Conservation to be stressed in Chickasaw Country

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  • water quality
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OKLAHOMA CITY – A partnership announced recently will work toward “continuous development and improvement to local communities and watersheds contained within the Chickasaw Nation’s territory.”

The Chickasaw Nation encompasses all or part of 13 counties in south-central Oklahoma, including Stephens, Jefferson and Grady counties. Chickasaw Country consists of more than 7,600 square miles.

The tribe, Oka’ The Water Institute, the Oklahoma Conservation Commission, and the U.S. Department of Agriculture’s Natural Resources Conservation Service signed a Memorandum of Understanding, agreeing to work together to provide quality resources, education and research.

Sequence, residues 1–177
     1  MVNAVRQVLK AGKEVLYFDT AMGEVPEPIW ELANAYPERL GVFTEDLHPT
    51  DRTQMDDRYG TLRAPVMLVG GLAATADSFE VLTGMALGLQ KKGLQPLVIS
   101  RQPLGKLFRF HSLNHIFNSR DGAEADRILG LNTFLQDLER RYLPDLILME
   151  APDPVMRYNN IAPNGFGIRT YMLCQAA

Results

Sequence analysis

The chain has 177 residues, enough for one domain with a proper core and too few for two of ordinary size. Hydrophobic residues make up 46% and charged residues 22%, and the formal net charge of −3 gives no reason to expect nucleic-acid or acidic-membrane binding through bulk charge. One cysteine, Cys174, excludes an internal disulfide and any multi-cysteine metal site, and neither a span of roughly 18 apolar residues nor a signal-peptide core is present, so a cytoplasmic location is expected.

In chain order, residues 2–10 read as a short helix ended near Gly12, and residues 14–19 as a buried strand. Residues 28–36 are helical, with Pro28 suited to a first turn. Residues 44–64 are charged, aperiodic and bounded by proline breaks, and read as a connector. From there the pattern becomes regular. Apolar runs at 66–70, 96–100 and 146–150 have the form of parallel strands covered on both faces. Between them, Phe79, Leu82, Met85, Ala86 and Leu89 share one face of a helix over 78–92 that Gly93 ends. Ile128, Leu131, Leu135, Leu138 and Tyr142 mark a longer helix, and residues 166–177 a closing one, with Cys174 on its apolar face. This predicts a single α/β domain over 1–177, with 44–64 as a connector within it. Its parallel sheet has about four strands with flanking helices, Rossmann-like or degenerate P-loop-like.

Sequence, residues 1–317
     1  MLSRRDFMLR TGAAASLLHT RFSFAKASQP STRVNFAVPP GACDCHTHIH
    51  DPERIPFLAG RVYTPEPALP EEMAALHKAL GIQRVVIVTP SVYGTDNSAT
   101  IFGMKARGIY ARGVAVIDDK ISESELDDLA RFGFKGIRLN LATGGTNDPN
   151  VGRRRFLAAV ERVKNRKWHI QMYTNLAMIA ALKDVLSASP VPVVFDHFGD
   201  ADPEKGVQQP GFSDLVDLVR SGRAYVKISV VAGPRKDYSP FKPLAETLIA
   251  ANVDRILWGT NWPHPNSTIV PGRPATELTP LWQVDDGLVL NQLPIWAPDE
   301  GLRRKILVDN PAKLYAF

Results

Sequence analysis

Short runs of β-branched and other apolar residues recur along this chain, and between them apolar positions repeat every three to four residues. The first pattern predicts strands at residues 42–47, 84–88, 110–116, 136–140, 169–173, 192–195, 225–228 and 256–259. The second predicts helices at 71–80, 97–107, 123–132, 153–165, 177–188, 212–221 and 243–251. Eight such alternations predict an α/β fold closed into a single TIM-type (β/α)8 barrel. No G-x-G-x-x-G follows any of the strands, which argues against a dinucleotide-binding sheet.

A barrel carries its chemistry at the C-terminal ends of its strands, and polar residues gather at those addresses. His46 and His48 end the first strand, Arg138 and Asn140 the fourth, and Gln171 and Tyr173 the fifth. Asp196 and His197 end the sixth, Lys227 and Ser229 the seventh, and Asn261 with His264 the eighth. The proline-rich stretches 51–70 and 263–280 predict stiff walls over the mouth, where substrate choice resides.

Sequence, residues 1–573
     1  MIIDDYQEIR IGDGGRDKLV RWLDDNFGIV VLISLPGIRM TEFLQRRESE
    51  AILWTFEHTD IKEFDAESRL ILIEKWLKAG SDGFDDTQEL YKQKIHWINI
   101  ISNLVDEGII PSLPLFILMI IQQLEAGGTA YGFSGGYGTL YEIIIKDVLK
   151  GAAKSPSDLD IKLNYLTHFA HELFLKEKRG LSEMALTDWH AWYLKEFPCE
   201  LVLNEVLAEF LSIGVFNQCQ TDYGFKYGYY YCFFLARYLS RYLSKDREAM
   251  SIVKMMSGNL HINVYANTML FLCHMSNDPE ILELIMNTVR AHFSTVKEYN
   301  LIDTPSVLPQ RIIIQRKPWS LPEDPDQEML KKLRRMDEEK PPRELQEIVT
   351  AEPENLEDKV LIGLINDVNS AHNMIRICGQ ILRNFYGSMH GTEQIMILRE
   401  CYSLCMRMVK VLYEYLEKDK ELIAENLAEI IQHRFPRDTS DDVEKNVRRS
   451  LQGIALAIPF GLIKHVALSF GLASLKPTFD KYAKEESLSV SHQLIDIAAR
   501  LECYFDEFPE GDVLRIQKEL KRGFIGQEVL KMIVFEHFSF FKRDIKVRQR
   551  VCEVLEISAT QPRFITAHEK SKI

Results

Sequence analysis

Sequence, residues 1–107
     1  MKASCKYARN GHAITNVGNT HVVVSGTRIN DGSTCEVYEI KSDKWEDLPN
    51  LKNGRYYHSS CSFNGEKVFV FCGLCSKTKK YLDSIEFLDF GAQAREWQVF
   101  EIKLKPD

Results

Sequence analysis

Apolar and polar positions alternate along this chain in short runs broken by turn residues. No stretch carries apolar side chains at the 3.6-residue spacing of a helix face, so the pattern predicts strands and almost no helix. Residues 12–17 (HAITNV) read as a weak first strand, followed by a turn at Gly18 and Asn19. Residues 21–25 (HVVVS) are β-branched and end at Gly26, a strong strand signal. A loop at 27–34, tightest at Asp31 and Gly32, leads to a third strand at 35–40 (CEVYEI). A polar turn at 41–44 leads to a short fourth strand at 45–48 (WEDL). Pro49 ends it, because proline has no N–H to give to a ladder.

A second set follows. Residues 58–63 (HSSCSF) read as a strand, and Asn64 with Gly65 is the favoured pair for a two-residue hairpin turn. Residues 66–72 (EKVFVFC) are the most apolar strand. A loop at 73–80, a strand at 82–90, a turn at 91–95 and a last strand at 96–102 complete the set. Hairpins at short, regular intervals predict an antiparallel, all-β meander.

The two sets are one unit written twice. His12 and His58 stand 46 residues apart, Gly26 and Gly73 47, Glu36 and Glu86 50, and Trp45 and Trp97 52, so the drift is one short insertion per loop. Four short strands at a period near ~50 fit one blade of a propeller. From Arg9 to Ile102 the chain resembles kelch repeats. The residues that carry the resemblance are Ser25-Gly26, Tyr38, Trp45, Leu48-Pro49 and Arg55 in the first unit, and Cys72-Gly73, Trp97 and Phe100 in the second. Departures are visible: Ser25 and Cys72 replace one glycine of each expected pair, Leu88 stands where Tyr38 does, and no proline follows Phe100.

Tribal landowners and land users play an important role in the management of agricultural land, officials said.

The Chickasaw Nation “acknowledges our intent and commitment to work cooperatively and effectively” to achieve and sustain watershed health within the boundaries of the nation, said Kristopher Patton, the tribe’s natural resources director.

The five-year “cornerstone agreement” “symbolizes a commitment to watershed sustainability focused on engagement and action by local stakeholders to successfully accomplish land stewardship best-management practices,” Patton said. “This effort is a key process toward overall environmental health and economic prosperity within our local communities.”

“Through our work together, we will be able to help landowners implement best-management practices that will improve the quality of their land and ultimately will improve their economic prosperity,” said Susan Paddack, a former state legislator who is executive director of Oka’ The

Water Institute at East Central University. “The resulting benefit to the watershed will be healthier soil and improved water quality and quantity.”

“Enhancing the conservation partnership to include tribes like the Chickasaw Nation allows for expansion of private lands conservation, which will lead to more soil health systems being installed and water quality improvements across south-central Oklahoma,” said Gary O’Neill, NRCS Oklahoma state conservationist.